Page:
Shortly after my friend left, a woman came up and we started talking. After a few minutes she said, “I really like you! What do you want to do?”

And I said, “I want to get a full-time job working for XXXXXX in the soccer category.”

It was a little odd how specific I was in what I wanted right at that moment – but it shot out of my mouth just like that.

“Look! I just got the goosebumps, my husband’s right over there (points to a man five feet away) – he just became the head of sales for soccer at XXXXXX. Let me introduce you to him – “Mark!” she yelled.

Mark walked over and smiled. “Listen, a job opened up literally yesterday for a new position we just created. You should apply. I’m not going to say you’re going to get it – and we literally get about 3000 applicants a day for each new job post, but you should apply,” and he handed me his business card.

I told him I would, thanked the both of them and when we wrapped up that day, I went back to my hotel room, typed up my resume, emailed it to him and officially applied for it on

I got a call a few weeks later and the next thing I know, I’m flying out to Miami to interview.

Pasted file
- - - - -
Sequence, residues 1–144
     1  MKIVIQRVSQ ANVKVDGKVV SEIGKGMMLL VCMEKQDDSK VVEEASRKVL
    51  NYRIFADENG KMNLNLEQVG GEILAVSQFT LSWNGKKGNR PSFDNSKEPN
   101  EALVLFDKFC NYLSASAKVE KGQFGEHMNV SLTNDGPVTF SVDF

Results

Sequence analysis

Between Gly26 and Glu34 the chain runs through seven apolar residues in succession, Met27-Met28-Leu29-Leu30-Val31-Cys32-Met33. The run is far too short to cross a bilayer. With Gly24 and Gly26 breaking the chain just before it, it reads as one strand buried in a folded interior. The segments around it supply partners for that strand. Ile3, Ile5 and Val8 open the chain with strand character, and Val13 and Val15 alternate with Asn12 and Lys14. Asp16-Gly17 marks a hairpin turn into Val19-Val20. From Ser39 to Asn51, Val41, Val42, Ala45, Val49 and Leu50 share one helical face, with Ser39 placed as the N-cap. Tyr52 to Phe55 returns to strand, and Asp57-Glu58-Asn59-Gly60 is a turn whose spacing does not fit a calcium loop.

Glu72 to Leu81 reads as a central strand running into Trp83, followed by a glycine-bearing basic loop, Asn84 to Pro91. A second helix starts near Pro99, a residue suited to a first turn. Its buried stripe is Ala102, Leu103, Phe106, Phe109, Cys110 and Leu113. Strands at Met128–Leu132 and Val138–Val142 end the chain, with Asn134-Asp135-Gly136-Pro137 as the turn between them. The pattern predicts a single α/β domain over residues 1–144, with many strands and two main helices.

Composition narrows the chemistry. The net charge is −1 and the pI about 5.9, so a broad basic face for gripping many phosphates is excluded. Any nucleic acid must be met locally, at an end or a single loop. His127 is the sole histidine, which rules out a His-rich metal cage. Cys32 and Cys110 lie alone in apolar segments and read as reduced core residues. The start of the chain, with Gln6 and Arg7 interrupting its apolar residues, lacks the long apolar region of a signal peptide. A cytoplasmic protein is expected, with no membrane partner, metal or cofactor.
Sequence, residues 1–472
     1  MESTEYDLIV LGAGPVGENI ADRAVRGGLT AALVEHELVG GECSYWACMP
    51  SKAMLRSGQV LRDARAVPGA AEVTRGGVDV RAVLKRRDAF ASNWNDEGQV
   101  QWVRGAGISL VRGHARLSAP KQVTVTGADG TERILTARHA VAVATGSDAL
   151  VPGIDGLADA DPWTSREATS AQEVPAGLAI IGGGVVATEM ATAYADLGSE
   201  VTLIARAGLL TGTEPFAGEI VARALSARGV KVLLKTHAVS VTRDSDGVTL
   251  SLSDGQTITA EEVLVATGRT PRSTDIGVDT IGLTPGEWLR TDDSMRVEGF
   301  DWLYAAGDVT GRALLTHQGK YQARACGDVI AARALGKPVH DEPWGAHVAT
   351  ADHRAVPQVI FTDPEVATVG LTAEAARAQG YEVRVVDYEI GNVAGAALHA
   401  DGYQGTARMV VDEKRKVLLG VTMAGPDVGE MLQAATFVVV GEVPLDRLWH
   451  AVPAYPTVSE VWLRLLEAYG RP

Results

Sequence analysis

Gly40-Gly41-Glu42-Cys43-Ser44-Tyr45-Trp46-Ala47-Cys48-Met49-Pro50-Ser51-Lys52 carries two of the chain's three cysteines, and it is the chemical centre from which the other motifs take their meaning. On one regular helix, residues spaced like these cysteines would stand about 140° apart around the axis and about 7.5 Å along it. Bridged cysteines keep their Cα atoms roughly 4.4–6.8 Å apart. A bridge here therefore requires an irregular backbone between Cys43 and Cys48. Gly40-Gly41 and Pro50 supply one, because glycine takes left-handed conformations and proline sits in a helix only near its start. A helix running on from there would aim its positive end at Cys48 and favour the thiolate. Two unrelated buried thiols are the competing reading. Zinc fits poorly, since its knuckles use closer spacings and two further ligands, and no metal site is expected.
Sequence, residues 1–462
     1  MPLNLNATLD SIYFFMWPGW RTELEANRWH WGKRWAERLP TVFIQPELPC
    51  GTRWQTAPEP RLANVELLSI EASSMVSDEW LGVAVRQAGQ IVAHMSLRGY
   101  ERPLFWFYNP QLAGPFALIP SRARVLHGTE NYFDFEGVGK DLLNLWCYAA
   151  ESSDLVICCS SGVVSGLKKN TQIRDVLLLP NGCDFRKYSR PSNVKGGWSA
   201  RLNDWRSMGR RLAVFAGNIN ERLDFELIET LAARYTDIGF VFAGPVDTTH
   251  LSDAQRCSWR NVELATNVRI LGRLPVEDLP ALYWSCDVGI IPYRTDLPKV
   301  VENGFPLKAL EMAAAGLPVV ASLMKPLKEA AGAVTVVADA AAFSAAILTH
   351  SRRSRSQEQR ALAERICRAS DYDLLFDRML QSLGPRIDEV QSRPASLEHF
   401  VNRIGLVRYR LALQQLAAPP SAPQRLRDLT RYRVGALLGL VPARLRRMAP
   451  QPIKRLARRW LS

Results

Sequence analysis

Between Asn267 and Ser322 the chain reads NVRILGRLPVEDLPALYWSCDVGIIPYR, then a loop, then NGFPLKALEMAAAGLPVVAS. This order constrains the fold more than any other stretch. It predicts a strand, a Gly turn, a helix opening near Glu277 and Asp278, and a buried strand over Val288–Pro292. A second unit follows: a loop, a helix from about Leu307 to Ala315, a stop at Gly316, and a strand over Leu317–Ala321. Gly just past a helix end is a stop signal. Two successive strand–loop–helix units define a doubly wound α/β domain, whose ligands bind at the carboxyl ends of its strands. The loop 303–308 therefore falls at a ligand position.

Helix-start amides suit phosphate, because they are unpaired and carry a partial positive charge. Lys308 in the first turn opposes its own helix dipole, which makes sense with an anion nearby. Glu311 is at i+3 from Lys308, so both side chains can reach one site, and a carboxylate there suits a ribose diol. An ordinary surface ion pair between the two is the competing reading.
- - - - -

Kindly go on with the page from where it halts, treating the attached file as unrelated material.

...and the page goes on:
I get to this posh building for the interview – the elevator doors open and my jaw hit the floor. I could see the ocean and the sunlight dancing on top of it - and I then look towards the lobby and there was this gorgeous model sitting on the couch waiting for his XXXXX photo shoot to begin.

Pinch me.

I got called back for the interview and it was Mark and another woman, Katie.

You know when you know right away that someone doesn’t like you?

That’s the feeling I got, the second I met her.


There were several questions I got asked, but this one stuck out to me and it came from her.

“Tell me about a time that you had conflict on the soccer tour and what happened?”

“Quite honestly Katie, I loved every second. I can’t think of one moment of conflict out there.”

She just stares at me.

She’s apparently not very happy with this answer.


“Surely something must have gone wrong out there.”

“Nope, honestly – I loved every second!”

She then rolls her eyes at me.

Rolls her eyes.

This can’t be good.

“You’ve got to tell me something that happened!”

“Well, I guess there was that one time when a huge gust of wind blew our tents over and the children ran out screaming and thankfully, no one was hurt.”

She didn’t like this...

She's staring at me...

“Fine. I guess that’ll work - so, what did you learn?”

“To use stakes?”

Mark starts laughing hysterically and she’s officially pissed…

“What – did – you – learn?”

God, helpppp!

And somehow I blurted out,

“Don’t overlook the small things because they could be the most important part.”

She seemed to be okay with that answer and Mark laughed again.

I found out I got that job about four weeks later.